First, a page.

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GNU Parallel for simulations

Although I knew about GNU Parallel since a long time, I had never given it a try. I used it recently to launch parametric runs and found it very convenient for single-core simulations. I describe here how I use parallel within a single bash program to control LAMMPS simulations on a HPC node.

What is GNU Parallel and why do I use it for HPC

GNU Parallel is a program from the GNU project (as you can guess from the name). Its purpose is to execute a command several times simultaneously, taking advantage of several cores (or of several machines on a network). You can a series of arguments to parallel to control the execution of the command.

If you have many cores, parallel makes it easy to keep them busy! Even on a laptop it can help to obtain numerical results faster.

A frequent issue I have with running simulations on HPC systems is the need for several files. In addition to the job script that is submitted to the queue and depending on the situation, there can be one parameter file per job or extra scripts. It can become tedious to keep everything in sync. With parallel, I can list several parameters whose permutations will be given to the program.

Simple use of parallel

I first show how to use parallel on a simple test program written in bash:

#!/bin/bash
number=$1
letter=$2
filename=result_${number}_${letter}.txt
echo "letter ${letter}
number ${number}" > $filename
parallel ./myscript.sh ::: 1 2 3 ::: a b c

Parallel will run the program myscript.sh with values 1, 2, and 3 for the first argument of the program and a, b, and c for the second argument. There are two files to manage here: myscript.sh and the job file in which parallel is executed. It is possible to reduce the number of files to one by using a bash function, which I explain in the next section.

Running LAMMPS

Here, I run the LAMMPS simulation program in single-core to show how to perform a parametric run.

parallel ~/path/to/lmp -i in.langevin_1 -var T {1}  ::: 1 2 3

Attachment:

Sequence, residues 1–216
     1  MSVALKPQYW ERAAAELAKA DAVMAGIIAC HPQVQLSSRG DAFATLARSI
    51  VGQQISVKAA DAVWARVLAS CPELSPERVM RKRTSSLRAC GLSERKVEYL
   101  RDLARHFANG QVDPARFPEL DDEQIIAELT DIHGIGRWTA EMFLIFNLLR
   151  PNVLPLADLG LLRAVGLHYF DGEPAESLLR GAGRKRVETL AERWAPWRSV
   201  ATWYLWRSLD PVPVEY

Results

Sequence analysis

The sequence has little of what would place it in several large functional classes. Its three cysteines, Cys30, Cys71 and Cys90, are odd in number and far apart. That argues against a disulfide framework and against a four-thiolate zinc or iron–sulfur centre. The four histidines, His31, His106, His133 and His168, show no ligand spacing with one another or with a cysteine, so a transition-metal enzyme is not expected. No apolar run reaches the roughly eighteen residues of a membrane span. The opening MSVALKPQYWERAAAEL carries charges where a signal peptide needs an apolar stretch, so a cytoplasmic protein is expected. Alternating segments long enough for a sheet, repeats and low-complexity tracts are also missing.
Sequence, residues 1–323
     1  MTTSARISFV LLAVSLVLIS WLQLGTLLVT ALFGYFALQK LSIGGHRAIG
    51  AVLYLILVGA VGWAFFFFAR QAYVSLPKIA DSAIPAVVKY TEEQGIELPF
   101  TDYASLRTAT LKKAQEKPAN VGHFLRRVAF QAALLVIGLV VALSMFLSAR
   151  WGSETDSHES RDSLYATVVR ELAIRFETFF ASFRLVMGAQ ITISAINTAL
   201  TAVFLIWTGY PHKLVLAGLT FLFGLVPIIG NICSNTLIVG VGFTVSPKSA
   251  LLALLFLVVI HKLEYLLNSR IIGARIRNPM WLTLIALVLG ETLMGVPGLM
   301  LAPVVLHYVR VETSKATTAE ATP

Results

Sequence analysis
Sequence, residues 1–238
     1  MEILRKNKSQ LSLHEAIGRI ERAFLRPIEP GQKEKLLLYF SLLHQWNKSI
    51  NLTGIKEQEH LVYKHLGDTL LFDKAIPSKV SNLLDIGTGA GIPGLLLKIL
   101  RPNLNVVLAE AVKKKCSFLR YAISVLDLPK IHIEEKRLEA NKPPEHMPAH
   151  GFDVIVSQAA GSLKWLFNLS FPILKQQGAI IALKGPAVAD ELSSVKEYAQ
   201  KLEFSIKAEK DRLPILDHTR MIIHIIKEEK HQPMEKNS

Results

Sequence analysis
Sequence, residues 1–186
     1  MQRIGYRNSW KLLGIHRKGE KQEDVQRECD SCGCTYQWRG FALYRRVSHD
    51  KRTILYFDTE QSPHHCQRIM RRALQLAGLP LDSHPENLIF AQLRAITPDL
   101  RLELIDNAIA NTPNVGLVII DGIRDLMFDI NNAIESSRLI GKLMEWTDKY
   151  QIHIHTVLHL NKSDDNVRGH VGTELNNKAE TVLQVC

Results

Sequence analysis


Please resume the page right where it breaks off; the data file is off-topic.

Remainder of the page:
The file is available at in.langevin_1

I have used a single -var argument that sets the variable T in the simulation script (instance of ${T} in in.langevin_1 are replaced by the value of T). This is already very convenient but remains limited.

By using a bash function, it is possible to control more precisely the execution of LAMMPS. I will add a random seed to the program, generated by /dev/urandom. First, I define a seeder function.

generate_seed() { dd count=1 bs=2 if=/dev/urandom 2>/dev/null | od -A n -t u2; }
export -f generate_seed

(Note: it is mandatory to export functions with export -f for them to become available in subprograms.)

Now, I define a function that will process the argument and pass them to LAMMPS, with the random seed, via command line arguments. I also create the output filename in bash as it is more convenient than in LAMMPS.

run_one() {
  T="$1"
  FILENAME=langevin_${T}.dump
  ~/path/to/lmp -i in.langevin_2 -var SEED $(generate_seed) -var T ${T} -var FILENAME ${FILENAME}
}
export -f run_one

The input file is also available in.langevin_2. To run the simulations, I execute

parallel run_one ::: 1 2 3

The trajectories are stored in the files langevin_1.dump, langevin_2.dump, and langevin_3.dump.

It is of course possible to run multiple realizations per parameter. To do so, I append a number or letter to the output file.

run_one() {
  T="$1"
  SUFFIX="$2"
  FILENAME=langevin_${T}_${SUFFIX}.dump
  ~/path/to/lmp -i in.langevin_2 -var SEED $(generate_seed) -var T ${T} -var FILENAME ${FILENAME}
}

Followed by

parallel run_one ::: 1 2 3 ::: {a..d}

will run four times every parameter set, with different seeds for each run.

The final bash program looks like this:

generate_seed() {
  dd count=1 bs=2 if=/dev/urandom 2>/dev/null | od -A n -t u2;
}
export -f generate_seed
run_one() {
  T="$1"
  SUFFIX="$2"
  FILENAME=langevin_${T}_${SUFFIX}.dump
  ~/path/to/lmp -i in.langevin_2 -var SEED $(generate_seed) -var T ${T} -var FILENAME ${FILENAME}
}
export -f run_one

parallel run_one ::: 1 2 3 ::: {a..d}

and can be integrated directly in the job script for the HPC queue system.

Illustration

I might as well put a figure here! The lines below will run three simulations, transform the dump files in x,y data files, compute their mean-square displacement using the tidynamics library, and plot the result (with the attached file plot_example_msd.py.

$ parallel run_one ::: 1 2 3
$ for i in 1 2 3 ; do grep '^1 ' langevin_${i}.dump | awk '{print $2 " " $3}' > lxy_${i}.txt ; done
$ for i in 1 2 3 ; do python3 ~/code/tidynamics/examples/tidynamics_tool.py msd lxy_${i}.txt lmsd_${i}.txt; done
$ python3 plot_example_msd.py --dt 1.0 --data lmsd_{1..3}.txt

Example MSD

Remarks

  1. This approach allows to have a postprocessing step run directly after the simulation in the same "slot".
  2. Several seeds can be passed, which is useful for LAMMPS.
  3. This method is useful for simulations with a low count of particles. Parallel computation (as in using MPI, not the GNU Parallel program) involves unnecessary overhead for such simulations.
  4. If there is one (or a few) long-running simulation, you might end up with a single running process. The method here is suited for many small runs of similar duration.

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